The lack of a Highlands representative on the Scottish Government’s rural council has been criticised by Labour MSP Rhoda Grant.
The body has been set up to provide advice on the impact of Brexit on farming and to advise on future rural economic policy.
Ms Grant, who is Scottish Labour’s rural affairs spokeswoman, said the omission of crofters and anyone from her Highlands and Islands constituency was a serious mistake.
She said: “Rural areas have the potential to be worst hit by Brexit, particularly if vital European funding is not replaced by the UK and Scottish Governments.
“It’s therefore shocking to see the SNP government’s rural council has not a single Highlander or crofter representative.
“How can the government claim to effectively represent our area, when they not listening to anyone with direct experience of issues they are considering?
“The SNP Government must rectify this lack of representation as a matter of urgency, and look at expanding the council to include representatives from our community.”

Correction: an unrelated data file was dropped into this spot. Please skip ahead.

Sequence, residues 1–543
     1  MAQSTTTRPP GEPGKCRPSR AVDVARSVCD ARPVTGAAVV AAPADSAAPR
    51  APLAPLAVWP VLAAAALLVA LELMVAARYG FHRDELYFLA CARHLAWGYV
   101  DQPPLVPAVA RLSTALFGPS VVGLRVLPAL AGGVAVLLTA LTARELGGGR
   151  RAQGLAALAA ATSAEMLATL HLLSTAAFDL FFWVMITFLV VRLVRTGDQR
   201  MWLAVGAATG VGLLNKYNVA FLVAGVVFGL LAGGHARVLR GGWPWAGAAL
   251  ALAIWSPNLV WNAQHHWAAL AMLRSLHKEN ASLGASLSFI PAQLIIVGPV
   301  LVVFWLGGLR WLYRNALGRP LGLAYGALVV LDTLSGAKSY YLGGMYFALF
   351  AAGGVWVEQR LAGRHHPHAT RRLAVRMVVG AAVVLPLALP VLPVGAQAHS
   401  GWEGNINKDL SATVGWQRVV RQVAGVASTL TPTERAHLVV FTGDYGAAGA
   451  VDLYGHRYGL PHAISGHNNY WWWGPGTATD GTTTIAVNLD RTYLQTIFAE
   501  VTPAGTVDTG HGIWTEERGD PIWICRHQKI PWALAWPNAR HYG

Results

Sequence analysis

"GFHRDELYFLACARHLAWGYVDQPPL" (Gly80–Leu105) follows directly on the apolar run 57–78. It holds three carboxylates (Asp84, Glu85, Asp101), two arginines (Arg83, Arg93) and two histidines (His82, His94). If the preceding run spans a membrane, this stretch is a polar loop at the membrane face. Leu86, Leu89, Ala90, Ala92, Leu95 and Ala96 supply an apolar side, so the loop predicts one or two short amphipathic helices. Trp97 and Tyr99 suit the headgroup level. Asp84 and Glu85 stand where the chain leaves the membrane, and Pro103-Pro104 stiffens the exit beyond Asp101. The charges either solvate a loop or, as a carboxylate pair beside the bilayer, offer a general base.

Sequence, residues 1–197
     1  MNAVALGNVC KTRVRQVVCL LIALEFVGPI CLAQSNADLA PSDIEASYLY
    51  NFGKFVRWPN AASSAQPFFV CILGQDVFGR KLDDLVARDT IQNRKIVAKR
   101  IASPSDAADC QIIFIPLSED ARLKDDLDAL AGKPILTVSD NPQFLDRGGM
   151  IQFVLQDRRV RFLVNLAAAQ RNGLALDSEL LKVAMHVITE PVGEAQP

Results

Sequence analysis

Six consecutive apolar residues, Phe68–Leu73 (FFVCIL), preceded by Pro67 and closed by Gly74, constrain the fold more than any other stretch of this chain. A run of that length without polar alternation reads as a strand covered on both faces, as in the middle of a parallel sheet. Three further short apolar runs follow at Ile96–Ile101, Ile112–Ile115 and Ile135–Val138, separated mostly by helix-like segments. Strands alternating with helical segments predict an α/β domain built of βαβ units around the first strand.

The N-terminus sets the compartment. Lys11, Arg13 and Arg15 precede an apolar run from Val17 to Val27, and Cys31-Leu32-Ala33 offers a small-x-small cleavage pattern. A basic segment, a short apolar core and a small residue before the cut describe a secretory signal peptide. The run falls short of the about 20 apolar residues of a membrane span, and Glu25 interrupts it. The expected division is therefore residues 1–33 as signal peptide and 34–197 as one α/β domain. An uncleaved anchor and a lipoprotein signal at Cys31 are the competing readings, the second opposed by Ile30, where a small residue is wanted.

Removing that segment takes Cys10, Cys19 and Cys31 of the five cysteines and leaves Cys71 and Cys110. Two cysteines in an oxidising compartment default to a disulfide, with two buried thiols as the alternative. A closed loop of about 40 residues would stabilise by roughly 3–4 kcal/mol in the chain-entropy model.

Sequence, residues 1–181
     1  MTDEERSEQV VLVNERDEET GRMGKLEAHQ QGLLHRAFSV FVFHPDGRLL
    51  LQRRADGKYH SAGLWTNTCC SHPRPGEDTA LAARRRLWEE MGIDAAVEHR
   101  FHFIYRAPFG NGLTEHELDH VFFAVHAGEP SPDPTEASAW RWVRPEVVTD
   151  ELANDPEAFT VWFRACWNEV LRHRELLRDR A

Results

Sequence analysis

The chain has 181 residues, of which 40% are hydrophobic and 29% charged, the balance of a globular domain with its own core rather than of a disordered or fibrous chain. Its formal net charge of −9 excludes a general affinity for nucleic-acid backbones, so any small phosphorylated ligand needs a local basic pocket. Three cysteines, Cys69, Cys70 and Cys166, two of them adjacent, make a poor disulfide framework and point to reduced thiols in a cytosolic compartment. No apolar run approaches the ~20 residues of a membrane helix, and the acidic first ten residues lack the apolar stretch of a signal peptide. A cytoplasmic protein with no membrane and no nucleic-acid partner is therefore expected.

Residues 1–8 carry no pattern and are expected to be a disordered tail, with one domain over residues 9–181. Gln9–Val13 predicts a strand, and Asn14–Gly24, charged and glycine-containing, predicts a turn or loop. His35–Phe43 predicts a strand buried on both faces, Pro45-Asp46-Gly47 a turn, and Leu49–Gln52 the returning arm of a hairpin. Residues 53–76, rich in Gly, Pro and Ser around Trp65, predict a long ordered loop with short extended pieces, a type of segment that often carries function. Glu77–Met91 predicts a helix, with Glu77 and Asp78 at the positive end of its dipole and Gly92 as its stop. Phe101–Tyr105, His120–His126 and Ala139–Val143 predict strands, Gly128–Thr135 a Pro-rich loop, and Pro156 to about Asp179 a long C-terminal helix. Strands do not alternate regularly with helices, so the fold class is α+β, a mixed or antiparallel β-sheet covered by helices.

Ms Grant has written to Rural Affairs Secretary Fergus Ewing to make her case and ask him to consider adding representation for the Highlands and the crofting communities.
Mr Ewing said the council would make its own decisions on members but did not expect the group to be up and running until autumn.
A Scottish Government spokeswoman added: “Appointments to the National Council of Rural Advisers have been made on the basis of individuals’ expertise and knowledge of the rural economy gained from living and working Scotland’s in rural communities.
“While the work plan is still to be agreed, we would expect the National Council to seek the views of a wide variety of stakeholders and representatives across rural, coastal and island communities. This includes crofting representatives and communities in the Highlands and Islands.
“We would encourage groups and individuals to engage with the council once it is up and running.”